Why study abroad? Stories from international students

There are lots of reasons why studying abroad might be for you.

You might find a degree course that isn’t available in your home country; you might learn to live independently; or you might network with amazing people and learn about other cultures. Whatever your reason for considering the experience, there are so many more positives. And if you don’t believe us, just look at what real students had to say about studying abroad.

The American university experience is unlike any other in the world and certainly very distinct from my home country, India. I was particularly drawn to the academic possibilities. As an undergraduate, you can study a range of subjects, and most universities don’t require you to declare your major until your junior year, giving you time to explore a variety of academic paths and see what interests you.

Some universities, including my own, require undergraduates to take a core curriculum of classes, developing the basics. Your course can be customisable, allowing you to choose multiple majors and minors, change things as you go along, and take electives that are unrelated to your main areas of study.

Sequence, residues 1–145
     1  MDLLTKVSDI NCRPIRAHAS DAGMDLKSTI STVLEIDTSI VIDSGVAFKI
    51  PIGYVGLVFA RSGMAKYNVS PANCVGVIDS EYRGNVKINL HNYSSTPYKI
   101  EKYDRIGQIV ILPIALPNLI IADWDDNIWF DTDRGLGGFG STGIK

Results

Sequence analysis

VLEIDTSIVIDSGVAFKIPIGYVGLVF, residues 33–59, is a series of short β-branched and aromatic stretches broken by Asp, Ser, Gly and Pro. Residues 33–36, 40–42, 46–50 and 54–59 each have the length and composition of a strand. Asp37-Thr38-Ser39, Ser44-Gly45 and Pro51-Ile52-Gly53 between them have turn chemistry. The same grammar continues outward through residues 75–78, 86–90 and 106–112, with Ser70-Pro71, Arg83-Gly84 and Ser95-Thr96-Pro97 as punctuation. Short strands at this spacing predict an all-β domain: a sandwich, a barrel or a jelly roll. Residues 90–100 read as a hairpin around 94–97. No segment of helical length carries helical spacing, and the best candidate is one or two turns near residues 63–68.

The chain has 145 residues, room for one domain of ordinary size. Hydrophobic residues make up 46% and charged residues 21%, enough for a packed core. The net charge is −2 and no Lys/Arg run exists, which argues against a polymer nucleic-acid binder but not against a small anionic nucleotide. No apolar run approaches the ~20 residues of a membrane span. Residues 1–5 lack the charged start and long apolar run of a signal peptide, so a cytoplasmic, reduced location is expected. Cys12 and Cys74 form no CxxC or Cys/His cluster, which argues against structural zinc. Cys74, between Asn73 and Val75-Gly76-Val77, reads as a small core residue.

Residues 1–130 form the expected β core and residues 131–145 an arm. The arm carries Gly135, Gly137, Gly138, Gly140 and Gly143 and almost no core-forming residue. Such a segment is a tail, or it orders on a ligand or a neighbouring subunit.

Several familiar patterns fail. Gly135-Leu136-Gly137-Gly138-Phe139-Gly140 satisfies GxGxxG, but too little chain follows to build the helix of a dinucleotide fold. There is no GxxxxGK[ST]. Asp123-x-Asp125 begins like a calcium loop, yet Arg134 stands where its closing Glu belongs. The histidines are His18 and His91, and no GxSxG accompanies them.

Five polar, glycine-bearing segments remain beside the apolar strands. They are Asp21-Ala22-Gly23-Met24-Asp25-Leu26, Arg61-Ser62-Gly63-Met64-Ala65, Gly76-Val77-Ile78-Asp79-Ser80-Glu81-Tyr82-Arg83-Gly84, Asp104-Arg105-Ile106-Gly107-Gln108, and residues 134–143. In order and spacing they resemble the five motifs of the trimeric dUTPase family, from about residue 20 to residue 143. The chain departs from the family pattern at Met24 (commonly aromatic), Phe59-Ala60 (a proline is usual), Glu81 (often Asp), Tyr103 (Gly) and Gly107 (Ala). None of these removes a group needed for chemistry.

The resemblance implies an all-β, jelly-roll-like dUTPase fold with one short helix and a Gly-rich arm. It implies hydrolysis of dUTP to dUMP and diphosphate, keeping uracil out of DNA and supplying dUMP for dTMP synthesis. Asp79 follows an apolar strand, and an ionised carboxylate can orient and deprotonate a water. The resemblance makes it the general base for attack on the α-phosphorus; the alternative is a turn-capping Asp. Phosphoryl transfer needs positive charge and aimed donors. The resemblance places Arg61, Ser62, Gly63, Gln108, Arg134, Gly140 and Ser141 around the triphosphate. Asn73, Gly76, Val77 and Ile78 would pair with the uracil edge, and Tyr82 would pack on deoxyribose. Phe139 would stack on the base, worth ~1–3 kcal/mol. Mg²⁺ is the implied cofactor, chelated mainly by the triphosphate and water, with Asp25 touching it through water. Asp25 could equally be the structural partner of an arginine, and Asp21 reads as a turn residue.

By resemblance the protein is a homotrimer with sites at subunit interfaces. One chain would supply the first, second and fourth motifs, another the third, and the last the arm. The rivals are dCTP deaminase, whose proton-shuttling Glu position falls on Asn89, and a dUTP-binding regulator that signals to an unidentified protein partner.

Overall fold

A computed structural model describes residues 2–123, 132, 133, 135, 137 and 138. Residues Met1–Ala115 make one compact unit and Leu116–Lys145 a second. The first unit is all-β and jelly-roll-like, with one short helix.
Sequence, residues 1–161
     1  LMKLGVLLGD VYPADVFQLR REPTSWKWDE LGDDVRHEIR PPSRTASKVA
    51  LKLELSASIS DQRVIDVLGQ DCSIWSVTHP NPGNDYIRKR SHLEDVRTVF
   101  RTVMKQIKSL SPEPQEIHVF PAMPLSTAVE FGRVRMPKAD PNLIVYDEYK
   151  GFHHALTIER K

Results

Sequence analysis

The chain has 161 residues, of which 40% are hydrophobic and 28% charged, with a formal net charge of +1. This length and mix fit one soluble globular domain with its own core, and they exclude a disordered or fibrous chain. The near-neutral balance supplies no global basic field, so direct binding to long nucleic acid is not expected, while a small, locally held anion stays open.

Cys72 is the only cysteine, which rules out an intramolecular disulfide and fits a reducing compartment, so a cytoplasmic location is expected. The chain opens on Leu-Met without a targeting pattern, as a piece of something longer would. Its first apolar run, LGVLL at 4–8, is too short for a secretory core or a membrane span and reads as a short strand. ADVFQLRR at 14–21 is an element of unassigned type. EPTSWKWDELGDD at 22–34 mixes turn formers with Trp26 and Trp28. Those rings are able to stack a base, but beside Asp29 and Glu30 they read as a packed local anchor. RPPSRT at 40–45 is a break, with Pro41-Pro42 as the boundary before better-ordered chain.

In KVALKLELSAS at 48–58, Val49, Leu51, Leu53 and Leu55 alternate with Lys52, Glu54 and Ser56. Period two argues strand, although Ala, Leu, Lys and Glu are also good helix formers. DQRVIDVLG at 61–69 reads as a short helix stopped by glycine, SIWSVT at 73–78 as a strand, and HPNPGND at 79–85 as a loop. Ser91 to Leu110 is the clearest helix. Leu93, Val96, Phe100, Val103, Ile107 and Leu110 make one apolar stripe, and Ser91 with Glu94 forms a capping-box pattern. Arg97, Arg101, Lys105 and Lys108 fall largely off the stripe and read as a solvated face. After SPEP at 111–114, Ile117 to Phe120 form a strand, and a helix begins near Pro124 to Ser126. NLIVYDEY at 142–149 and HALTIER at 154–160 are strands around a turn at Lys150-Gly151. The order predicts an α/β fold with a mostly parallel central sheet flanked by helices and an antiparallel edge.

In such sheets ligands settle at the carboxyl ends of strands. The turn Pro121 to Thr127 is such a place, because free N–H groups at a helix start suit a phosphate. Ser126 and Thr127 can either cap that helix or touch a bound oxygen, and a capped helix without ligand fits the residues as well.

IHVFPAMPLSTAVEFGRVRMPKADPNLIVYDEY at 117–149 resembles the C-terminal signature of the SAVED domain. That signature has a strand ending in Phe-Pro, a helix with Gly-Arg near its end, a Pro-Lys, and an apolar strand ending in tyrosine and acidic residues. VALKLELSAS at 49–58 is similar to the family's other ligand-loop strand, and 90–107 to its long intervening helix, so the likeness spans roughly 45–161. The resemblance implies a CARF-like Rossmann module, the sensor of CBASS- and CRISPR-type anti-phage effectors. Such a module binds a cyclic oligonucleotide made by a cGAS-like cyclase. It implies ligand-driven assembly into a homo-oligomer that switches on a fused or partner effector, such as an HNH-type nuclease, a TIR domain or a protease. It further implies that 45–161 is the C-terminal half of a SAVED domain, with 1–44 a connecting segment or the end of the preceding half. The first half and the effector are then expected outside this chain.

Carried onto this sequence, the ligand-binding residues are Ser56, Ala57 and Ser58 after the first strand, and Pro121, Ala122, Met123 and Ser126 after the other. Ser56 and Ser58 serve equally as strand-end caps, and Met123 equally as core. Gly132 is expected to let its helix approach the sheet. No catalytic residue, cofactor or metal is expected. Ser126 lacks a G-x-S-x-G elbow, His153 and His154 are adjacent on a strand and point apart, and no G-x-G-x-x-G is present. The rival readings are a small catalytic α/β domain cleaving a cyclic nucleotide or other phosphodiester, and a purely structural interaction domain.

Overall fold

I really benefited from this diverse way of learning. I entered university committed to studying politics, but my discovery of college-level English literature classes was transformative and reoriented my interests in a way that could never have happened without the freedom that the US system encourages and celebrates.
– Aditya Sharma, political science and English graduate, Columbia University.

Moving to Dublin for my university education in 2020 came with so much excitement and a little bit of nerves. Nevertheless, I stayed optimistic about starting something that was once a dream – studying medicine.

Studying abroad meant learning to live independently, which has allowed me to grow as an individual, overcome everyday challenges and build life skills such as managing my finances.

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